Concert promotion is dicey business under the best of circumstances, and apparently these were not they.
Just a day before its scheduled Aug. 19-21 aural assault on New Jersey aggro fans, the ninth-annual Hellfest — “a barricade-free, circle pit induced festival” with 188 acts, to have taken place at Trenton N.J.’s Sovereign Bank Arena — has been canceled due to concerns over whether organizers’ insurance policy was adequate to cover the event.
- Due to circumstances beyond our control, Hellfest has been cancelled. After a full day in court in Burlington County, NJ, Hellfest was unable to meet unreasonable demands brought to Hellfest’s attention by the Sovereign Bank Arena on August 16, 2005 at 6:21 PM, and to be met by August 17, 2005 at 7:00 AM. Actions were taken and Hellfest had an injunction filed by noon on August 17, 2005, but was overruled by the judge.
We send our deepest apologies out to the fans and everyone who was involved with the event and want you to be aware that legal action is being taken. For ticket refunds please contact the Sovereign Bank Arena box office.
Among the acts confirmed to appear were Public Enemy, Killswitch Engage, As I Lay Dying, Anti-Flag, Hatebreed, Sick of It All, the Misfits, Bouncing Souls, From Autumn to Ashes, Lifetime, and more than 150 other metal, hardcore, punk and hip-hop acts coming from as far away as Japan.
“It was going to be a great event and it had a lot of potential,” arena general manager Eric Cuthbertson told the Trentonian newspaper. “Unfortunately the event promoters failed to comply with the contractible obligation of the arena’s lease agreement. They failed to meet schedules and deadlines which forced us into a corner where we had to cancel the event.”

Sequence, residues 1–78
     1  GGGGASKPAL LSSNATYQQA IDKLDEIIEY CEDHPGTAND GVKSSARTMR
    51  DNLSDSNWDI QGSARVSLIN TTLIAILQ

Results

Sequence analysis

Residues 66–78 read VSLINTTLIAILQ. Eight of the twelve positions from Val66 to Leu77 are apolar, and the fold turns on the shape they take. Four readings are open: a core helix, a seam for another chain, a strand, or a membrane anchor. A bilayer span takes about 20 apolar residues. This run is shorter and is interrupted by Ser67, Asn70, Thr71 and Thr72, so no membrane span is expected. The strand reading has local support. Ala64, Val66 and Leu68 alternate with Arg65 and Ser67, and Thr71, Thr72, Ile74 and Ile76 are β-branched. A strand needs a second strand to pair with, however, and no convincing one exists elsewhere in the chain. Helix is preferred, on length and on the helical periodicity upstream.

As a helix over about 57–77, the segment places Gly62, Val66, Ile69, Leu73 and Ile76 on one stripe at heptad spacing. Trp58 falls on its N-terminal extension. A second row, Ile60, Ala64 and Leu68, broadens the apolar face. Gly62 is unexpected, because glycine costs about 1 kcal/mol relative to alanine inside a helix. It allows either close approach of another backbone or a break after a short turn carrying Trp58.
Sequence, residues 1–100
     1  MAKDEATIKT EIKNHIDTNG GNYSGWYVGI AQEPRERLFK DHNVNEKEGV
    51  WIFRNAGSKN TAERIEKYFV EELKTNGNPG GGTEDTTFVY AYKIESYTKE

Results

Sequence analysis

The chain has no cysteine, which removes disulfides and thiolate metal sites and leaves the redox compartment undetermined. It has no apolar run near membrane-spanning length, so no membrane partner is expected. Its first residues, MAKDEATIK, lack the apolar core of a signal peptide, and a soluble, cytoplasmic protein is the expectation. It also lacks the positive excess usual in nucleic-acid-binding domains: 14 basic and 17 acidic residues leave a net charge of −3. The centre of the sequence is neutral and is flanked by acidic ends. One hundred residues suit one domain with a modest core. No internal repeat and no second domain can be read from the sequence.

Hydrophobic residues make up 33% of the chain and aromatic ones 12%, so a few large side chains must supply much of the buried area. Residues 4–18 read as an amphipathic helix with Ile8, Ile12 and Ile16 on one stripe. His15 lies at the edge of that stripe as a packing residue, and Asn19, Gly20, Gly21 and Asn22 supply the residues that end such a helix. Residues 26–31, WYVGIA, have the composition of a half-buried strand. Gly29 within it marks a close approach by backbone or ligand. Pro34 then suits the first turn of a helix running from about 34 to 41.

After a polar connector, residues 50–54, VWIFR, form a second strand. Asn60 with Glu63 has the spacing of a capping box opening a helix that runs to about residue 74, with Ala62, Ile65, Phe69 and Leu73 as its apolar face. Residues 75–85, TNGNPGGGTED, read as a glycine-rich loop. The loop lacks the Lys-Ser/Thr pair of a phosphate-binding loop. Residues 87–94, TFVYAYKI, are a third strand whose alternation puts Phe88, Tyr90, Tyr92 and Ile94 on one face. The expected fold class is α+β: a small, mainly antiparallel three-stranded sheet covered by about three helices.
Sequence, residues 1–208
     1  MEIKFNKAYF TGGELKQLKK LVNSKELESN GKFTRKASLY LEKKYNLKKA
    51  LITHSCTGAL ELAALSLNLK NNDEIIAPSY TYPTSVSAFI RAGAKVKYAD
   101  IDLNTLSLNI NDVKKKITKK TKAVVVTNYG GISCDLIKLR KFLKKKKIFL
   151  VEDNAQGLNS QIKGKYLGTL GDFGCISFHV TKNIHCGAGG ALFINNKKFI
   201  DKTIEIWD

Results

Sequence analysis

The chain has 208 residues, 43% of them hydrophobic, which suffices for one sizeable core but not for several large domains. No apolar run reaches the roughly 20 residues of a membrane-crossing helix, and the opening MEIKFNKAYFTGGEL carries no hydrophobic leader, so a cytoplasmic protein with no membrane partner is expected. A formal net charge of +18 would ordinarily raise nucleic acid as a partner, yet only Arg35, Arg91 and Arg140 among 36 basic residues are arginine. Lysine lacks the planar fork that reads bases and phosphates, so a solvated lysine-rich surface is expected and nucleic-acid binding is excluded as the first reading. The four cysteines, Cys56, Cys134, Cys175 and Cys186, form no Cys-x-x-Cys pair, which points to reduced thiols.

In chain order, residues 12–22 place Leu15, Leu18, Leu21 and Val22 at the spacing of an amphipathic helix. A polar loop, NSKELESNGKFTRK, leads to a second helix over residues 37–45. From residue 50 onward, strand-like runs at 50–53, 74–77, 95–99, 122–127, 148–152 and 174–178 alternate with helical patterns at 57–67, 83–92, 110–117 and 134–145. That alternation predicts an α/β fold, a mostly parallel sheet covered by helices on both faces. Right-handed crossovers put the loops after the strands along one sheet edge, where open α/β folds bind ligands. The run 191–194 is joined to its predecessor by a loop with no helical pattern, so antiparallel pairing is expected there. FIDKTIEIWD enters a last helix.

Hellfest organizer Shawn Vander Poel said he met all of the contract’s conditions by taking out two separate $1 million insurance policies, one for injuries and accidental deaths and a second for property damage. But the arena, he said, “found some loophole,” that forced them to pull the plug on the show. The venue required an “A8 rated” insurance company, but that was never done, according to the promoter.
“It never stated what rating the insurance company had to be,” Vander Poehl said. “There is no way whatsoever that our insurance is a breach of contract. We followed what is here in writing to a T.”
“They always say you can’t fight city hall. Obviously someone in city hall didn’t want this to happen,” he said.
But insurance may not have been the only problem.
Max Cruise Entertainment, which booked 90 percent of the bands on the bill, told the Trentonian that promoters failed to pay advance deposits promised to the performers by August 1.
“I’m not going to talk money, but the money due to bands and certain deadlines were not met,” Chris Ring, one of the talent buyers, told the paper. “There were a lot of things they were saying that didn’t end up be true.”
Vander Poehl said organizers spent $100,000 on talent, $65,000 in production costs and $60,000 in marketing, but Ring laughed at that claim. “It just seemed to me that certain things were lacking,” said Ring. “It seemed that they weren’t able to follow through on their promises.”